Multiparadigm data science: AI, analytics and answers
Huge amounts of data have come on stream over recent decades. Has this data availability lead to better decision making?
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Overall, it is hard to believe this has been the case. Which leads to a follow up question, namely why has decision making not improved; and is there something we can do about it?
We are all suffering from information overload. We may have much more data, but we are struggling to see the wood from the trees. It is the opposite problem from the pre-internet age, when we did not have enough data to make systematic decisions. Accessibility is one problem; although there are many levels of accessibility, and accessibility can be as broad as you want to make it. There is the challenge of disparate data – can you bring different data sources together to tell a bigger story? Can you make average and aggregate data personal, for example, determining an individual's risk of heart disease? All these issues are key challenges of data methodologies today.
Many see computation as the key solution. High-powered computation for everyone will allow better access and personalisation of data. This requires good automation to empower end users. Individuals may not know exactly how machine learning functions, but that does not matter. However, extracting the best from data also requires some reorientation of humans. Unless humans have the ability to understand computational thinking it will be harder to interact with smart automation. Only a greater ability to understand automation processes will lead to the highest level of insightful computation.
One way to understand processes is to look at our track-record. Computation has worked well around data in structured form, such as data from physics, for some time now. Others have not proved as successful. This includes health and medical data. The rapid deployment of new ideas repeatedly changes the parameters of models. It can promote fuzzy questioning, and it may become difficult to communicate with people in meaningful ways. Moreover, not all data is within the parameters of a spreadsheet.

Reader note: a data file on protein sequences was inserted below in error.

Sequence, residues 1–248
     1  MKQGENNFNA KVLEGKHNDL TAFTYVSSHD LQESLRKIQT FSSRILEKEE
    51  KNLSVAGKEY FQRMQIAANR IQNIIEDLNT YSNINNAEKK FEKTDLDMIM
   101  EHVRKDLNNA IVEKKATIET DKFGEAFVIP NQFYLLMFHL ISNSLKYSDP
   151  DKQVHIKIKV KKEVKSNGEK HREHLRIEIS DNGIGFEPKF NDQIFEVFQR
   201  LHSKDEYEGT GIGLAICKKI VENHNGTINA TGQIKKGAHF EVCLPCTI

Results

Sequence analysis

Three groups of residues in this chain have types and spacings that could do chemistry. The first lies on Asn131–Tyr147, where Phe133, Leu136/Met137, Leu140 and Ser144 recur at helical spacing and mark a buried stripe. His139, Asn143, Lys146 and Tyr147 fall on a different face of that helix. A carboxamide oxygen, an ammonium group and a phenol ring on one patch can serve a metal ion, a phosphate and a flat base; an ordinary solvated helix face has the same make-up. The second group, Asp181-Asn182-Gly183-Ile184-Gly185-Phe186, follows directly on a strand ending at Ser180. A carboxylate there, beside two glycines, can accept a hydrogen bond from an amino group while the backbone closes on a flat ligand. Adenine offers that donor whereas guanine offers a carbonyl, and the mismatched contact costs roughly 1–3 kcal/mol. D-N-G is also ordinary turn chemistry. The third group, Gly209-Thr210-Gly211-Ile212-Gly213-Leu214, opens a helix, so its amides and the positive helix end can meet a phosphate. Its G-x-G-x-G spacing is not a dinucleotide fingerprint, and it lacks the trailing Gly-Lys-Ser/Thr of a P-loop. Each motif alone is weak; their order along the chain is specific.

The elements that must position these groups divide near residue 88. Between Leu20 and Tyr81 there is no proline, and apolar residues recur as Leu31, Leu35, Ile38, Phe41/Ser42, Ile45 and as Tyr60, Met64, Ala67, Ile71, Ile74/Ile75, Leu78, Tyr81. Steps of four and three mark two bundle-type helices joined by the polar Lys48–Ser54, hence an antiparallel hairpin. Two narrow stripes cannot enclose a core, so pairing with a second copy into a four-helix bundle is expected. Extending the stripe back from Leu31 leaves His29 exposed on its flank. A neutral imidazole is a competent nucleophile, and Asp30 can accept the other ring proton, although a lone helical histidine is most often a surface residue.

The best solution is to apply a multi-paradigm approach to computation. Individuals should not lock into a single tool set, but apply the widest possible tool set, and apply it to the problem. Although the current buzz is around machine learning, it does not always deliver good results, and is only one tool among many.
One crucial starting point with looking at data is to begin with the interface. The interface is the crucial determinant of whether something is useable or not. Data scientists need to think what sort of data they need to acquire and work backwards towards the interface. Linguistic queries are one way of doing this, and accurate for a specific data set, such as life expectancy. That could be expanded to compare life expectancy from Switzerland and the UK by search. Here you can see the underlying code cleanly, as a programmer might set this up. These inquiries are quite specific. We could ask what might happen if I went for a work out, how many calories I burn, and how this might compare with what I had for breakfast. However, if you say eggs and smoked salmon, that information alone might not be enough – how the egg was cooked, for example, could make a calorific difference. The same difficulties emerge if you try and ask if you are drunk – there are many factors to consider, including weight and gender.